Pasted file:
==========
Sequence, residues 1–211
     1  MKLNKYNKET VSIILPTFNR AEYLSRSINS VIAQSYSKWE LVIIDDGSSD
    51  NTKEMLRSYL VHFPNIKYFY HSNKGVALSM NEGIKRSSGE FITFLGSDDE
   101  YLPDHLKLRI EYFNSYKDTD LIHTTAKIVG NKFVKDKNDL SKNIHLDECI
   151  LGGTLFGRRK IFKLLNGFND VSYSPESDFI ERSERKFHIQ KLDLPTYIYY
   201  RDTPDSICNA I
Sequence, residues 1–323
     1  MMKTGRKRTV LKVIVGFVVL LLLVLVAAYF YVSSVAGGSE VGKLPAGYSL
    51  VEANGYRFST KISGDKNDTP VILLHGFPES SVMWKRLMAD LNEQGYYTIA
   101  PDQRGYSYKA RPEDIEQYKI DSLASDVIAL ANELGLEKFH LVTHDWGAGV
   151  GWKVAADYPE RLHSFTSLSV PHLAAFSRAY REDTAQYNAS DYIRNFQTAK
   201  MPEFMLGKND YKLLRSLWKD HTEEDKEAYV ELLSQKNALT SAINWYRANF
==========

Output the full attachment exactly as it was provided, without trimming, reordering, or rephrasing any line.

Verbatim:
Sequence, residues 1–211
     1  MKLNKYNKET VSIILPTFNR AEYLSRSINS VIAQSYSKWE LVIIDDGSSD
    51  NTKEMLRSYL VHFPNIKYFY HSNKGVALSM NEGIKRSSGE FITFLGSDDE
   101  YLPDHLKLRI EYFNSYKDTD LIHTTAKIVG NKFVKDKNDL SKNIHLDECI
   151  LGGTLFGRRK IFKLLNGFND VSYSPESDFI ERSERKFHIQ KLDLPTYIYY
   201  RDTPDSICNA I
Sequence, residues 1–323
     1  MMKTGRKRTV LKVIVGFVVL LLLVLVAAYF YVSSVAGGSE VGKLPAGYSL
    51  VEANGYRFST KISGDKNDTP VILLHGFPES SVMWKRLMAD LNEQGYYTIA
   101  PDQRGYSYKA RPEDIEQYKI DSLASDVIAL ANELGLEKFH LVTHDWGAGV
   151  GWKVAADYPE RLHSFTSLSV PHLAAFSRAY REDTAQYNAS DYIRNFQTAK
   201  MPEFMLGKND YKLLRSLWKD HTEEDKEAYV ELLSQKNALT SAINWYRANF